3  TeX2page commands

The previous chapter explained how a document that is acceptable to TeX​ ​may contain several commands that TeX2page does not inherently understand and for which suitable HTML-only definitions must be provided. The reverse problem also obtains: A document that is processed successfully by TeX2page may contain commands that plain TeX​ ​and LaTeX​ ​may not recognize.

As we have seen, TeX2page recognizes a mix of plain-TeX​ ​and LaTeX commands, and commands from external macro files besides. Thus, a plain TeX​ ​document could very well use LaTeX commands and pass through TeX2page without hitch. When running plain TeX​ ​on the document, of course, the LaTeX commands will fail, unless TeX-only definitions for the missing commands are provided. Examples of common LaTeX commands recognized by TeX2page include the commands for title, chapters and sections, footnotes, labels for cross-referencing, table of contents, verbatim text, itemizations, enumerations, index, and bibliography.

It is also possible that the document uses commands from external macro files without actually loading said files. TeX2page will be indulgent, but plain TeX​ ​and LaTeX​ ​won’t. In this case, simply loading the macro files should be enough. Thus, a plain TeX​ ​document using the \cite command should load btxmac.tex, and a LaTeX​ ​document that uses the \color and \definecolor commands should load the package color.sty.

A plain TeX​ ​document using macros provided by a LaTeX package may also be able to load the package in some cases, with the aid of the miniltx.tex macro file. To load color.sty, for instance:

\expandafter\def\csname Gin@driver\endcsname{pdftex.def}
% The above may not be needed in newer \TeX\ distributions,
% which will load the appropriate driver automatically.
% Replace pdftex.def with dvips.def if output print format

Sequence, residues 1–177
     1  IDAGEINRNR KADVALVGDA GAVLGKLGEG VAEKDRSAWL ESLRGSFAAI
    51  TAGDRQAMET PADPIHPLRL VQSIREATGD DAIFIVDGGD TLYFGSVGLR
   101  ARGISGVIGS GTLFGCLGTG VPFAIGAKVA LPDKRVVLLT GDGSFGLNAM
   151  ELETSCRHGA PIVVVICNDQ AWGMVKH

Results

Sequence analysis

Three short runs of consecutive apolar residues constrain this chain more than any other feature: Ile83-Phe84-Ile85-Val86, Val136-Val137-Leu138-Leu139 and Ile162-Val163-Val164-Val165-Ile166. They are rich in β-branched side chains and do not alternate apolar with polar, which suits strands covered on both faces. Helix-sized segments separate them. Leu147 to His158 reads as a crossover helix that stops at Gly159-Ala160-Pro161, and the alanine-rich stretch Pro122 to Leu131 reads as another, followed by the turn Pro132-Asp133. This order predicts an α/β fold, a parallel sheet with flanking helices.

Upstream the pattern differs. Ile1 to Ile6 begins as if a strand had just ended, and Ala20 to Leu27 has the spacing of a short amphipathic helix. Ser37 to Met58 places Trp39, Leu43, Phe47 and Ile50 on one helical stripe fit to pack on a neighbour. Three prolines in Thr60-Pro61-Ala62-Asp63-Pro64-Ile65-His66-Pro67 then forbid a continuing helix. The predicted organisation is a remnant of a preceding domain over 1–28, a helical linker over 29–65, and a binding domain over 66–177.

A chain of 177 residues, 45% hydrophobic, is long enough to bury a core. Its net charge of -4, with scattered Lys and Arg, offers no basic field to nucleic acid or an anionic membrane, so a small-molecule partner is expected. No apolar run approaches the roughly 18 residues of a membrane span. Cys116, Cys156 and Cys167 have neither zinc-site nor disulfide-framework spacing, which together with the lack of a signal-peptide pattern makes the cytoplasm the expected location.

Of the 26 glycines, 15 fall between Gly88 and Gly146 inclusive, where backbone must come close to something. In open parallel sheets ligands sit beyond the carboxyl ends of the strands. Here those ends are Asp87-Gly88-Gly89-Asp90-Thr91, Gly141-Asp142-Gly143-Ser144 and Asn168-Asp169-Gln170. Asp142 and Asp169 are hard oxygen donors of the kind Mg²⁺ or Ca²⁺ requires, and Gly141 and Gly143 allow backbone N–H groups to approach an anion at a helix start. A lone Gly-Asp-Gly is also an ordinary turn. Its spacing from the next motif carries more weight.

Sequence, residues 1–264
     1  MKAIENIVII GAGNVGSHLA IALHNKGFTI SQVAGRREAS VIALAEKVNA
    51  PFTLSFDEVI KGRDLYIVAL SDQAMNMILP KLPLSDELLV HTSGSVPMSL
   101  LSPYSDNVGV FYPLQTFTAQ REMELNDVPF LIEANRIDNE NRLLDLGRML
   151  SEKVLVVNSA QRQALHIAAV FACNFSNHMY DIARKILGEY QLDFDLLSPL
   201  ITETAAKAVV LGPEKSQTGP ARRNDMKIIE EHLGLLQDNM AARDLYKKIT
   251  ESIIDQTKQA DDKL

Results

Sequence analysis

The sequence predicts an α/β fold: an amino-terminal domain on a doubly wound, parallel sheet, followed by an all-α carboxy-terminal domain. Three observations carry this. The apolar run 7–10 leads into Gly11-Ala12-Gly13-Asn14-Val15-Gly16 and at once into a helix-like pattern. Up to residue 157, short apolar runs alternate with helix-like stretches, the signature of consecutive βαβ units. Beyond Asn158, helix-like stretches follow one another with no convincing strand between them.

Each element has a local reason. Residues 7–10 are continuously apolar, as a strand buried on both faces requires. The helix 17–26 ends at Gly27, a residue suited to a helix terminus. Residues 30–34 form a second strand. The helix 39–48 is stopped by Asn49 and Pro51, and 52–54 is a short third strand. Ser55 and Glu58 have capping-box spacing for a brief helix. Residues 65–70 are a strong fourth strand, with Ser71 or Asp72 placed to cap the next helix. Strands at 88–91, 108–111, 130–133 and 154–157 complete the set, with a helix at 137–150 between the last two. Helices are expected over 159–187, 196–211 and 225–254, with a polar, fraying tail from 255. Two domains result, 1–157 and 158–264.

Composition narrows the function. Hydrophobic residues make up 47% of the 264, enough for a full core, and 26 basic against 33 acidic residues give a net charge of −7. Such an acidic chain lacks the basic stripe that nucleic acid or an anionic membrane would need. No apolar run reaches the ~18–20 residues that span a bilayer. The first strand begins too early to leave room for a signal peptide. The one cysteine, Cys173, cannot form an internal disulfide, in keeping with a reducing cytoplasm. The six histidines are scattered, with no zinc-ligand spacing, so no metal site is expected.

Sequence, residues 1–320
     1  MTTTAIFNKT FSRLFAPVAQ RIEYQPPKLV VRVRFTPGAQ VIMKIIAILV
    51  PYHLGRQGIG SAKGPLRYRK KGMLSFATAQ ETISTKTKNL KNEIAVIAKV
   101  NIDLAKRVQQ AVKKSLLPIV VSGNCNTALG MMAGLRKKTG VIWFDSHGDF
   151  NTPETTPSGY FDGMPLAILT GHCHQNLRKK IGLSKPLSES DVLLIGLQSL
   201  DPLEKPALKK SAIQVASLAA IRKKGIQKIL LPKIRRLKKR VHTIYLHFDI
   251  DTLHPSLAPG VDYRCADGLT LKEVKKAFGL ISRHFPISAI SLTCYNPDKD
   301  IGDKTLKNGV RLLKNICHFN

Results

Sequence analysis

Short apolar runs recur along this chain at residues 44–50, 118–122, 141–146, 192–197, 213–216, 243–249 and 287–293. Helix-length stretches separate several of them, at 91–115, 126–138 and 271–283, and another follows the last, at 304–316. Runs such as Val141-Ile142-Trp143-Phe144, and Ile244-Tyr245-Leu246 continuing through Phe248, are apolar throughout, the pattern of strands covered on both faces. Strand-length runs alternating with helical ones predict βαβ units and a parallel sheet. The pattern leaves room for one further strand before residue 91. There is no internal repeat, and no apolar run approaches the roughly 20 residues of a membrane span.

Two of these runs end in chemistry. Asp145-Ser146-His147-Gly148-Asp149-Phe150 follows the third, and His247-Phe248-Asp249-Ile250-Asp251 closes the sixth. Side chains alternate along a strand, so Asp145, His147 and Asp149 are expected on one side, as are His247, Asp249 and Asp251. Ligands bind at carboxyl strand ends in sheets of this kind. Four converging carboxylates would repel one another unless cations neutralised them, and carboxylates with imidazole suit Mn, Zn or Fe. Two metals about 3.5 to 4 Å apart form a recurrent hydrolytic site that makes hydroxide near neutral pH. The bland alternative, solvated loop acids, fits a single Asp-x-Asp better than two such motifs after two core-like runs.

% is PostScript rather than PDF.

\input miniltx
\input color.sty

Although the above is only meant for TeX, it is not necessary (but not incorrect either) to wrap it inside \ifx\shipout\UnDeFiNeD\else ... \fi, as TeX2page knows enough to skip such loads.

Other useful LaTeX​ ​packages that can be loaded into plain TeX​ ​using miniltx are graphicx.sty and url.sty. (Unfortunately, one has to say \expandafter\def\expandafter\+\expandafter{\+} before \inputting url.sty.)

It is possible to \input several .sty files between the calls to \input miniltx and \resetatcatcode. However, miniltx is a bit of a compromise, and it causes each .sty file to re-evaluate the supposedly per-document commands in the driver file (e.g., pdftex.def), which can cause infinite loops. This is avoided by preceding the loading of the second and subsequent .sty files with \let\color\@ldc@l@r. E.g.,

\input miniltx
\input color.sty
\input graphicx.sty
\input url.sty

The LaTeX​ ​package path.sty can be loaded into plain TeX​ ​directly, without miniltx.

tex2page.tex and tex2page.sty

A collection of workable TeX​ ​definitions for TeX2page commands is provided in the macro file tex2page.tex in the TeX2page distribution. These allow your document to be processed by TeX, even if they do not (and sometimes should not) have the same effect in the DVI output as they do in the HTML output. It can be included in your TeX​ ​document as

\input tex2page

The file is also available under the LaTeX-friendlier name tex2page.sty, and can be loaded into LaTeX​ ​with:

\usepackage{tex2page} % if document is in LaTeX

The macros in tex2page.tex are just sample definitions of the TeX2page commands missing in TeX. You can either choose not to use these commands or to override their definitions with your own, better, definitions.

Note that TeX2page itself does not need the file tex2page.tex. Rather, plain TeX​ ​and LaTeX​ ​need the tex2page.tex macros in order to process files written using the extra commands supported by TeX2page. If your document does not use these extra commands, then you can do without tex2page.tex.